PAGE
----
In a recent exercise, on our quest to find out what support our health systems offer in improving our overall health and wellbeing, we contacted some of the best internationally recognized hospitals to seek some help.
We approached these facilities with one question: ‘I would like to start taking care of my health. Is there anybody we can speak to that can help with reviewing my current lifestyle choices and provide me with some support in making improvements?”
The hospitals we approached are the one-stop-shop for all things health. Glitzy, glamorous and staffed by some the best medical professionals in the world.
Here is what happened: Four out of 5 hospitals immediately responded with a referral to their bariatric surgical department.
This experiment got us thinking about how well-equipped and best-placed the health systems we are all dependent on to deal with our health are to help us be healthy.
Are they well-equipped to focus on prevention and wellbeing, before we require medical intervention that does in fact require surgery or medication?
While the marvels of modern medicine have revolutionized how we treat diseases, are drugs and surgery the answer to all our health problems?
In recent times, globally, there has been an increase in the amount of noise around the importance and the impact of diet, exercise and lifestyle choices on our overall health. Using these to reduce risk of chronic disease and therefore medical intervention in the form of drugs and surgery for overall wellbeing is no secret.
Pioneers in the field of functional medicine, such as Dr Mark Hyman, have for many years advocated and stressed the above. But despite these advancements towards an holistic approach to our health, have our health systems adopted this change? Or have they and do they still condition us to a certain pattern: Get sick, don’t feel great, reach out to a doctor, visit the hospital and get some medicine. Get better, go back to our lives. Get sick again…..repeat?
The underlying narrative of drugs and surgery as the immediate answer to our problems needs some work. For this to happen, our primary and secondary healthcare services must be equipped to handle all health and wellbeing related concerns, especially focusing on prevention advice and initiatives as well as after-care, post-discharge, to reduce further risk of disease and readmission.
While in many cases, medicine, drugs and doctors are appropriate, the dependence on these systems has led to us neglecting the things we could do before we get to the point of actually needing this system. This system, in theory, should be best-placed to do this, however in reality, it seems it is not.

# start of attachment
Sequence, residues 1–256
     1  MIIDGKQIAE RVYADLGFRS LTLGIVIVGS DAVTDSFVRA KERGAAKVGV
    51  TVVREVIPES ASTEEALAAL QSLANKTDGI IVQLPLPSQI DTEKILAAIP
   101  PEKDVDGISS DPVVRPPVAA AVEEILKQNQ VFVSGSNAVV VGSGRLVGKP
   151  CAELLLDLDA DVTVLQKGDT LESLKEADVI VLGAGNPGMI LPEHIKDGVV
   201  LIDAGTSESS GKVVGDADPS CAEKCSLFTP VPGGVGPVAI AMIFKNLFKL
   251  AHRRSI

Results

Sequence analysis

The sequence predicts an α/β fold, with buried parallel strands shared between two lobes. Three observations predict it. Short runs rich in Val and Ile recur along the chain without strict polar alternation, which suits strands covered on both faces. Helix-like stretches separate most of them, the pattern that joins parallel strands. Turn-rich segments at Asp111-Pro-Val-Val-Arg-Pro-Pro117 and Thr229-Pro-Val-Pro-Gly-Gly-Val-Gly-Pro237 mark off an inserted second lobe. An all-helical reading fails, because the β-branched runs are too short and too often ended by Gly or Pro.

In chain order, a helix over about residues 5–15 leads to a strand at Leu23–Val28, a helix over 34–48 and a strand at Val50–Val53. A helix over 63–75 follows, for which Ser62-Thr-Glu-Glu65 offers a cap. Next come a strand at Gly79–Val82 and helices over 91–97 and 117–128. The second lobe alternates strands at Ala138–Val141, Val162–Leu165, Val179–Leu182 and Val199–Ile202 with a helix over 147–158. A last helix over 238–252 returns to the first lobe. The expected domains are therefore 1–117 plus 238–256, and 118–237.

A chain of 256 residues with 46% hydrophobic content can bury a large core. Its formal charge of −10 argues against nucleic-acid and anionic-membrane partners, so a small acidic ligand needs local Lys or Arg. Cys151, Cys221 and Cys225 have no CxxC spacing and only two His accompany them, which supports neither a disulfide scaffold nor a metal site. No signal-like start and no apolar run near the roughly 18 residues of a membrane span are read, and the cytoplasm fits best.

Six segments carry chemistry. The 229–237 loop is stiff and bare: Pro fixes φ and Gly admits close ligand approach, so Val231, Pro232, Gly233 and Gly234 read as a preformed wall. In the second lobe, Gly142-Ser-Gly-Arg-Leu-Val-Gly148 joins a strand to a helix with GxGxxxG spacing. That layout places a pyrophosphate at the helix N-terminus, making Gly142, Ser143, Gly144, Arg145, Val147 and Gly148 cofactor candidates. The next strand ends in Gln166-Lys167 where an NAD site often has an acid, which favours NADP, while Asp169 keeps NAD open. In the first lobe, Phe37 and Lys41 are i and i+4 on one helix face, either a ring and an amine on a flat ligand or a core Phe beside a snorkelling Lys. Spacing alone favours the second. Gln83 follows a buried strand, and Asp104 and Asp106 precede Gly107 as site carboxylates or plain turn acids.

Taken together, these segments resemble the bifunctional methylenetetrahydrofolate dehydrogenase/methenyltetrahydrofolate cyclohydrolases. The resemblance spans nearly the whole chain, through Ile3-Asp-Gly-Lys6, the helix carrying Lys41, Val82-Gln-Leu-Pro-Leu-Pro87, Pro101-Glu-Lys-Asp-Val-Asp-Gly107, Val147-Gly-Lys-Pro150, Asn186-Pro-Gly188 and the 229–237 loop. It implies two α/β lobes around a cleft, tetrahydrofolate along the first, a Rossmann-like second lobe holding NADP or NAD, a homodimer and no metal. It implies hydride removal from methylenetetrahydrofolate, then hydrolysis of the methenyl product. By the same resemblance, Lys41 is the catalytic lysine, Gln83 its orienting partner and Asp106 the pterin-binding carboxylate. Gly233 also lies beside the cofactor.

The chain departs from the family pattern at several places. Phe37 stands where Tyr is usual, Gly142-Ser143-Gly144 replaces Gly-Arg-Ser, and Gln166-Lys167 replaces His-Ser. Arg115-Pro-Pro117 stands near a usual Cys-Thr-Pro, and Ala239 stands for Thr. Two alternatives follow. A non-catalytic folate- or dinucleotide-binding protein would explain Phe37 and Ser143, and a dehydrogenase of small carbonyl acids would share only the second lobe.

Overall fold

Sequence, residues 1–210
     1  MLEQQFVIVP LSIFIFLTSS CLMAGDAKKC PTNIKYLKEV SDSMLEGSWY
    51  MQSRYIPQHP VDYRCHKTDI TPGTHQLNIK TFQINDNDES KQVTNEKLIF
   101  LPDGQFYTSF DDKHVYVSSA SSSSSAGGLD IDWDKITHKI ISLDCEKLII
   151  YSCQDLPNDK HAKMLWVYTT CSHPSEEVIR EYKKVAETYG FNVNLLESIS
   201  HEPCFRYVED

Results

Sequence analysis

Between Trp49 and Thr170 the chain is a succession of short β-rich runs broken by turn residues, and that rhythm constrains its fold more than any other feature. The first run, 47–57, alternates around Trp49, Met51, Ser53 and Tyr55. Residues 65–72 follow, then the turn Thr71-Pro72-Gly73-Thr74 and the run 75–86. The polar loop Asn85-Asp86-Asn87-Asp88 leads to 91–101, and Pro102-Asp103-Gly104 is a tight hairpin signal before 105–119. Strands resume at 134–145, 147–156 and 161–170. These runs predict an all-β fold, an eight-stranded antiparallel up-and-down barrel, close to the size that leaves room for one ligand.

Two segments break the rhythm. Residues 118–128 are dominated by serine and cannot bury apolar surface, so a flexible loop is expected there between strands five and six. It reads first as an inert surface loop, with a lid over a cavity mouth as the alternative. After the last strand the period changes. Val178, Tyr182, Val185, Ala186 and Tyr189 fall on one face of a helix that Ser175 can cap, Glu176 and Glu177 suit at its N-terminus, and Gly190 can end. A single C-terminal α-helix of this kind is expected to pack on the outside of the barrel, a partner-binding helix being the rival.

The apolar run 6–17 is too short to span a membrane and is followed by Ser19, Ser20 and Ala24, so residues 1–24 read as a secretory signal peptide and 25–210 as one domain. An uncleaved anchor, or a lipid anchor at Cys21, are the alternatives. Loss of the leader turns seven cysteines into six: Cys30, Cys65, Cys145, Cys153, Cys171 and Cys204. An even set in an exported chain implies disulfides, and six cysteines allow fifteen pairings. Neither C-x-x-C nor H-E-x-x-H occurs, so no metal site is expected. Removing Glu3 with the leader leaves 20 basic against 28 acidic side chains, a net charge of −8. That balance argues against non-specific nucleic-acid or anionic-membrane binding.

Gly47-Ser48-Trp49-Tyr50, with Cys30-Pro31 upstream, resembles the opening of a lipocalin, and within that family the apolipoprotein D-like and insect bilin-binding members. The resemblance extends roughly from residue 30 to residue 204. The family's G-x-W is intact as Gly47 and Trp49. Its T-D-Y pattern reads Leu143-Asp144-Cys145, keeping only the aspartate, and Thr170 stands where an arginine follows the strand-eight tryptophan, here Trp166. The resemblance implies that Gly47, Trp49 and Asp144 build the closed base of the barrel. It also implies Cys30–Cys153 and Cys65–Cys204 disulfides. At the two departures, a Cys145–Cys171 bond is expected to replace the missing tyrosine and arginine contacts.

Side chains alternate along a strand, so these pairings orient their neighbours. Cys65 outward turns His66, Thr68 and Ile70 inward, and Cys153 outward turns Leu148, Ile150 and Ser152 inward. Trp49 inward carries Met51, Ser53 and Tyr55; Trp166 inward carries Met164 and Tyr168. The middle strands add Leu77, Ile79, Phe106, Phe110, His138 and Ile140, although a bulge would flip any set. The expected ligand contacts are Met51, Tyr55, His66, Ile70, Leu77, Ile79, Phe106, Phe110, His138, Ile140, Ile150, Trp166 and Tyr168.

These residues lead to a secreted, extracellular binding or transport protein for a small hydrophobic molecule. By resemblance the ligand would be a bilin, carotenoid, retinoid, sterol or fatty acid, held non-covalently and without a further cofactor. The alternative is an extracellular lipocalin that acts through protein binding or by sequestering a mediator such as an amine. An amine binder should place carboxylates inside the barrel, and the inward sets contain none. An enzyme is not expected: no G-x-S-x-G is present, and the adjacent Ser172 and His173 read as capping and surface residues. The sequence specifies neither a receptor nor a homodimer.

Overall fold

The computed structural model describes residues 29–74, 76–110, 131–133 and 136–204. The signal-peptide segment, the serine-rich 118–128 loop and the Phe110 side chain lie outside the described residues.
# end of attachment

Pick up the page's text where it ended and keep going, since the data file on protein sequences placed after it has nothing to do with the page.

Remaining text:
The current factors causing our global health crisis include:
• an aging population
• increasing lifespans and a reduction in health span
• increase in global health expenditure
• healthcare work force shortages
• an increase in non-communicable disease (NCDs)
All of these are in fact preventable with diet and exercise.
The World Health Organization reported that 70 percent of global death arose from NCDs that are preventable and reversible.
Worldwide obesity has tripled since 1975 and for the first time in history the number of people 65 and over outnumber the number of children five and below. Coupled with access to what we want when we want it, whether food or services, while living among a global society that sits more, moves less and prioritizes short-term gratification, we are now and for the foreseeable future dependent on a questionably fit-for-purpose system.
Furthermore, anti-aging creams, injections and facials are prioritized when it comes to our visible health and aesthetics. In recent times some of the best hospitals in the world have prioritized expansion into aesthetics over wellbeing, claiming that weight loss programs and services are enough for our overall health.
But is weight loss the goal for every individual that wants to improve or work on their health? Those admitted with conditions due to poor lifestyle and diet choices get a one-size fits all sheet of paper upon discharge, containing lifestyle recommendations to reduce their risk of readmission and further disease.
Increasingly, doctors, pharmacists and nutritionists are wondering whether this practice actually sits well in our professional moral compass.
Have a think and better still find out whether your go-to medical facility offers you the support you really need to reduce your risk of chronic diseases through lifestyle interventions.
Can you get access to a service that helps you understand what specifically you can do to reduce your risk of chronic disease? Does your medical facility help you with a structured plan to prevent readmission for a disease-related illness in the same personalized approach that staff prescribed a the specific drug to you, at the specific dose when you needed it?
Were you given a sheet of paper with some food groups to eat that aren’t explained and specific to you and some stretches for you to do in the name of exercise, and that was it?
Needless to say, that if you ask for support with your health and wellbeing, be very wary if you are recommended surgery without any questions asked. While there is a place for bariatric surgery in modern medicine, without being asked simple questions before referral, run the other way; toward lasting lifestyle changes, the kind that don’t come with complications and side effects.
You know better. And sadly, so should they.